Per 90 minsPasses (accurate)Passes forwardPasses backwardsPasses to final third Long passes
Tierney51 (81%)31%20%12%11%
Bellerin46 (84%)28%22%8%4%
Tierney’s more expansive passing range

Tierney goes forward with a greater percentage of his total passes and his overall pass completion does not suffer much compared to Bellerin’s, despite the greater risk. Tierney receives more of the ball than Bellerin, which is to be expected when he is more likely to move the ball forward and create something for his team.

Finally, Tierney is also outperforming Bellerin in most key defensive actions:

Per 90 minsDefensive duels (won)Aerial duels (won)Sliding tackles (successful)InterceptionsClearancesFouls
Tierney5.1 (59%)2.2 (40%)0.06 (100%)4.62.50.4
Bellerin5.6 (49%)2.7(48%)0.85 (46%)4.41.60.8
Tierney outperforms Bellerin defensively

Bellerins height helps him outperform Tierney aerially, but Tierney ranks more impressive elsewhere. Key to Tierney’s outperformance is his positioning, his sheer determination to get back and defend, and his game intelligence. These characteristics enable Tierney to win more defensive duels, make fewer fouls, and only rely on slide tackles sporadically as a last resort (whereas Bellerin must make them more often and unsuccessfully too).

After this analysis, you can see why Tierney has outperformed Bellerin this season and why he is rated higher by the Arsenal fans.

Tierney therefore acts as a benchmark for what works in this Arsenal team regarding Full Backs. The most important aspect for me is the relationship they can build with the Right Winger, with Saka and Pepe looking to cut in from the right, it is important that the Right Back maintains the width and provides an overlapping option.

Analysis of potential targets:

Positioning and areas occupied:

From their heat maps this season you can see that Centonze (bottom left), and Emerson (top left) are close matches, positionally, to Tierney (bottom right), whereas Mazraoui (top right) occupies different areas.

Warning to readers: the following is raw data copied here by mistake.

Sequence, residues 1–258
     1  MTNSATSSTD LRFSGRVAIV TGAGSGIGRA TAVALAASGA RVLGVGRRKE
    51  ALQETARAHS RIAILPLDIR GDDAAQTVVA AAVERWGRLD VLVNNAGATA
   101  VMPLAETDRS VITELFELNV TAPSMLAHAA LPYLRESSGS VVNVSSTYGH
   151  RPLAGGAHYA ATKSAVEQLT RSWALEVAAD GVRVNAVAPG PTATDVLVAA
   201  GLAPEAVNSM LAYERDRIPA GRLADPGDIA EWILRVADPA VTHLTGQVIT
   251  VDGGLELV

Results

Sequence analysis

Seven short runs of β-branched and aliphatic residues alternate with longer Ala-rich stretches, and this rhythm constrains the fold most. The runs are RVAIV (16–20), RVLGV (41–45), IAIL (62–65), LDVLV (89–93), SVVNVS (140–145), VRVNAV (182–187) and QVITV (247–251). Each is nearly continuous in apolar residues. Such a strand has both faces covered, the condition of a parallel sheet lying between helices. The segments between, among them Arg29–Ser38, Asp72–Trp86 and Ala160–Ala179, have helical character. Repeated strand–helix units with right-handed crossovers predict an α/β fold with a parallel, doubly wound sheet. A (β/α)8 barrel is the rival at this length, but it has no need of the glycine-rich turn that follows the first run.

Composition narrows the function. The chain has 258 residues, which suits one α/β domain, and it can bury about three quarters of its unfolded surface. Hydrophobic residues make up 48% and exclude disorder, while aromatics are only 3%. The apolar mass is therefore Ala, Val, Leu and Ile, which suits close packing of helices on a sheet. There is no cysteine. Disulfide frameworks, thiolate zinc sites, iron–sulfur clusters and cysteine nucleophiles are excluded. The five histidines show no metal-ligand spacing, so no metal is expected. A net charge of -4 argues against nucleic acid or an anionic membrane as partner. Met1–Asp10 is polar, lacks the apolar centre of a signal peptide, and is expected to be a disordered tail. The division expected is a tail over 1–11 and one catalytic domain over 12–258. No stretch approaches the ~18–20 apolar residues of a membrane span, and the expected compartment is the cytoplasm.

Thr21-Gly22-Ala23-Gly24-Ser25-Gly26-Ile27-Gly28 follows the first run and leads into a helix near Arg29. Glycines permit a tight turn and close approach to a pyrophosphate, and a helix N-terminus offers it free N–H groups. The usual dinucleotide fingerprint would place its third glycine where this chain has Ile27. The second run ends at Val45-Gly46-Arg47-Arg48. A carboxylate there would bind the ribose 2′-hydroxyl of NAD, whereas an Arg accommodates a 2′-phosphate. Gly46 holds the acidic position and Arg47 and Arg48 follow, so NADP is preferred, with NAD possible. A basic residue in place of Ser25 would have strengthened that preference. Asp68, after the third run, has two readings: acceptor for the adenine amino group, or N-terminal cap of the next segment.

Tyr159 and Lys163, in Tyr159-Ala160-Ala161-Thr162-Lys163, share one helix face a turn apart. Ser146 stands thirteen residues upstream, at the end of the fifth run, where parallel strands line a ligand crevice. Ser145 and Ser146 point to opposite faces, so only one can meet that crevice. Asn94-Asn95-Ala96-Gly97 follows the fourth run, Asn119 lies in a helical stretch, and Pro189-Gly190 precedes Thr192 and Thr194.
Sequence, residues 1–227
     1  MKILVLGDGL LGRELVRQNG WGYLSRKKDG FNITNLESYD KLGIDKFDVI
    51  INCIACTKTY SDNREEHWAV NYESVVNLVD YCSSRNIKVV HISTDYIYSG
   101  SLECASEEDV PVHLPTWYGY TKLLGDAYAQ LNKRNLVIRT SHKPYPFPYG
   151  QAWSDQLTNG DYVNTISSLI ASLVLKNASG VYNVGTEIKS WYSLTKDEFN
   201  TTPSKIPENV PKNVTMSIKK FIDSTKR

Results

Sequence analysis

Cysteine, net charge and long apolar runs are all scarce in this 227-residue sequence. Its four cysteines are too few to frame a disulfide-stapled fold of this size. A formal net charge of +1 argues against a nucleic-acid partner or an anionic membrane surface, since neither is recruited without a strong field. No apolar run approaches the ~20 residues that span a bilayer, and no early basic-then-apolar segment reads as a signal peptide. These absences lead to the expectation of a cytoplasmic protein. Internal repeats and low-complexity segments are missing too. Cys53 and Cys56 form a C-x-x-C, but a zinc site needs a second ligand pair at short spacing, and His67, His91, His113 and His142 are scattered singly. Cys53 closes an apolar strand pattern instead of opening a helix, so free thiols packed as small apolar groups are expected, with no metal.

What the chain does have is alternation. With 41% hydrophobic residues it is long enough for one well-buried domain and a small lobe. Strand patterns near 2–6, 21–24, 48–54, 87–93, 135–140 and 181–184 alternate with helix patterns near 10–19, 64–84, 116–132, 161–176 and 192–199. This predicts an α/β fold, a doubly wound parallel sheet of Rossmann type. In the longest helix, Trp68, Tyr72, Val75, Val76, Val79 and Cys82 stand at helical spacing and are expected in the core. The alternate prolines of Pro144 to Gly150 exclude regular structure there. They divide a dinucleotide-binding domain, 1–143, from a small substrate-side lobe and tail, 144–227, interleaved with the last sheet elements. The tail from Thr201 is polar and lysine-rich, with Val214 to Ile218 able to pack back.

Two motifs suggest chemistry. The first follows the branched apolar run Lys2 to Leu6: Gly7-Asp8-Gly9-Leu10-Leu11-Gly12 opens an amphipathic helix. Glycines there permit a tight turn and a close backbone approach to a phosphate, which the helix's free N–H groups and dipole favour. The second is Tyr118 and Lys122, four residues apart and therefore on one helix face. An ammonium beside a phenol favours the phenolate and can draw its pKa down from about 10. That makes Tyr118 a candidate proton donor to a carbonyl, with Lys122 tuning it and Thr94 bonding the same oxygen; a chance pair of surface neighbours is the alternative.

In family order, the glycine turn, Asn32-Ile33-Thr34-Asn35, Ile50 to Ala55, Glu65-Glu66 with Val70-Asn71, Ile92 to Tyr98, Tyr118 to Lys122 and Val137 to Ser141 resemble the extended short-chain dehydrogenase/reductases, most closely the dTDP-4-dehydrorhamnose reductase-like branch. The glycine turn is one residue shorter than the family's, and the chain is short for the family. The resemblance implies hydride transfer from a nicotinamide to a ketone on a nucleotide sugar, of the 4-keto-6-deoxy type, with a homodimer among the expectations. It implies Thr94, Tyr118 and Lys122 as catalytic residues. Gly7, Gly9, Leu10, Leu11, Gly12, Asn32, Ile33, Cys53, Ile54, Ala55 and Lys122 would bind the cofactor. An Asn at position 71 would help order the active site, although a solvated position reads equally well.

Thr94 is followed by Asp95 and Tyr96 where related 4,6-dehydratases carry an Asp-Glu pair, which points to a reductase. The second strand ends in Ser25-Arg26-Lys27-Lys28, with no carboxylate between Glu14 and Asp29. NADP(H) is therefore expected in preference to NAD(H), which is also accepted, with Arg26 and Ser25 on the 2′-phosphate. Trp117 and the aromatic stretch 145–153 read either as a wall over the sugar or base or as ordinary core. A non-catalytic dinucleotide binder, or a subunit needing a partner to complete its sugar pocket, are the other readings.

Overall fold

Attacking and Possessional Play

Per 90 minsCrosses (accurate)xADribbles (successful)Offensive duels (won)
Emerson2.8 (35%)0.083.1 (52%)7.2 (48%)
Mazraoui2.4 (44%)0.123.9 (61%)7.8 (47%)
Centonze3.5 (29%)0.095.4 (63%)8.4 (56%)
Attacking Output

Interestingly, Centonze is often used as a Wing Back for Metz and therefore plays a large part in their attacking patterns. His importance to Metz’ attacking output is highlighted above. Centonze attempts more crosses, more dribbles, and more offensive duels than both Emerson and Mazraoui, but it is Mazraoui who creates the better chances for his teammates, represented in the higher xA per 90 minutes.

All three have different ways of contributing to their teams attacking output and how they create chances for teammates. Ajax have different attacking patterns to Betis and Metz, Mazraoui therefore inverts and rarely overlaps the Winger down the outside. By coming inside in possession, Mazraoui creates overloads in the inside channels and unsurprisingly for Ajax, they operate with quick one & two touch passing, playing around and through opposition. When Mazraoui does cross the ball, he does so from deeper areas, really bending crosses in behind the defence. Ajax put in more crosses per 90 mins than Betis and Metz, but Mazraoui’s contribution to this is less, although his crossing accuracy is the most impressive.